After the implementation of the Constitution of People's Republic of China in 1954, Mao Zedong, who had served as the Chairman of the Central People's Government since 1949, was selected Chairman of the People's Republic of China. Mao, who was also Chairman of the Communist Party of China and Chairman of the Central Military Commission, was clearly the most powerful person in China. In the Constitution of 1954, the President (officially translated as "Chairman") of the PRC was intended to be very powerful, serving both as the Head of State, and the Commander-in-Chief of the armed forces. The president had special powers to call upon emergency meetings during a crisis or concerns of national security.

After his failures in the Great Leap Forward, Mao decided to give up the State presidency in 1959. He was succeeded to this post by Liu Shaoqi, who along with Zhou Enlai and Deng Xiaoping, took on a more active role in government to curb the excesses of the Great Leap Forward and restore Soviet-based centrally planned economy. However, in 1966, Mao launched the Cultural Revolution to re-assert his personal power and overthrow the Liu government. The state and party apparatus broke down and in 1968, Chairman Liu Shaoqi was arrested and humiliated by the Red Guards.

Chairman Liu died in prison and he was not replaced. Mao concentrated powers centrally into the hands of the Party Chairman, and the CMC Chairman, which were further exercised by various Revolutionary Committees. The ceremonial duties associated with the Head of State were subsequently passed to the Chairman of the National People's Congress, the national legislature. The exact reason why Mao Zedong refused to reinstate the presidency was unclear, however it is now known that Mao did not want his political struggle with Liu Shaoqi to be remembered as his attempt to claim the title of the presidency for himself. Lin Biao, then China's number-two figure, advocated for the reinstatement of the position of President, with Mao taking the position and himself becoming Vice-President. Mao later considered this to be a threat to his power, as the Vice-President can legally succeed the President in the event of the latter's death. But during the early 1980s, it became clearer that China needed a person to serve as the Head of State, albeit completely ceremonial. Soong Ching-ling, the widow of Sun Yat-sen and former vice-chairwoman of PRC, was named to be the Honorary President of the PRC before the passage of the Constitution of 1982.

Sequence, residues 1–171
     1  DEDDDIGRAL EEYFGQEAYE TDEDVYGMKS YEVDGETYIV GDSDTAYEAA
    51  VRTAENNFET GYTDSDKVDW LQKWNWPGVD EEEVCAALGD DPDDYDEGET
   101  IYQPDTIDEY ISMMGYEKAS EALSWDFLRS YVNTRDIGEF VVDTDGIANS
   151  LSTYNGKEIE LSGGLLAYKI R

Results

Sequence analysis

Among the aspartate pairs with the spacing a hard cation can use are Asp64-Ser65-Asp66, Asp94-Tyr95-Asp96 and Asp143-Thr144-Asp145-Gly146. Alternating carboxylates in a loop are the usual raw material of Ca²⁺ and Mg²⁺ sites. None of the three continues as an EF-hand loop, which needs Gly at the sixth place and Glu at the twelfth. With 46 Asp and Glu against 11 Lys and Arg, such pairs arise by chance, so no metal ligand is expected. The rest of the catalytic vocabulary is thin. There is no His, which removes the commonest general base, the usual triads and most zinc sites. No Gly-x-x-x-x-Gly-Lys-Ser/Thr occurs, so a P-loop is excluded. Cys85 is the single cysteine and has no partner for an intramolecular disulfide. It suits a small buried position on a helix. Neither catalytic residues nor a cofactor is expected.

In the Constitution of 1982, the President was conceived of as a figurehead head of state with actual state power resting in the hands of the Premier of the People's Republic of China and the General Secretary of the Communist Party of China, both of which were conceived of as being separate people; the President will only hold the office of the President, and not intervene directly in matters of the State Council or the Party. The President therefore held minor responsibilities such as greeting foreign dignitaries, and signing the appointment of embassy staff. In the original 1982 Constitution plan, the Party would develop policy, the state would execute it, and the power would be divided to prevent a cult of personality from forming as it did with the case of Mao Zedong. Thus in 1982, China perceivably had four main leaders: Hu Yaobang, the Party General Secretary; Zhao Ziyang, the Premier; Li Xiannian, the President; and Deng Xiaoping, the "Paramount Leader", holding title of the Chairman of the CMC.

Subsequent events, however, caused the office to have much larger powers than was originally intended. In 1989, then President Yang Shangkun, in cooperation with the then Chairman of the Central Military Commission Deng Xiaoping, was able to use the office of the President to declare martial law in Beijing and order the military crackdown of the Tiananmen Square protests of 1989marker. This was in direct opposition to the wishes of Party General Secretary Zhao Ziyang and probably a majority of the Politburo Standing Committee.

In the 1990s, the experiment of separating party and state posts, which led to bitter division, was terminated, and in 1992, the post of President was taken by Jiang Zemin, who as General Secretary and chief of the Central Military Commission continued to make the office of the President a powerful position. When Jiang Zemin stepped down in 2003, the offices of General Secretary and President were once again both given to one man, then Vice-President Hu Jintao.

First Lady

The wives of high ranking Chinese political leaders are encouraged to say little or nothing to the public as one wrong word can ruin their husband’s career in this highly competitive and complicated arena of political power plays. For this reason, China's First Lady plays more the gracious host than the independent political figure as is customary, for instance, in the United States. Since the first president, every president has been a married man.

See also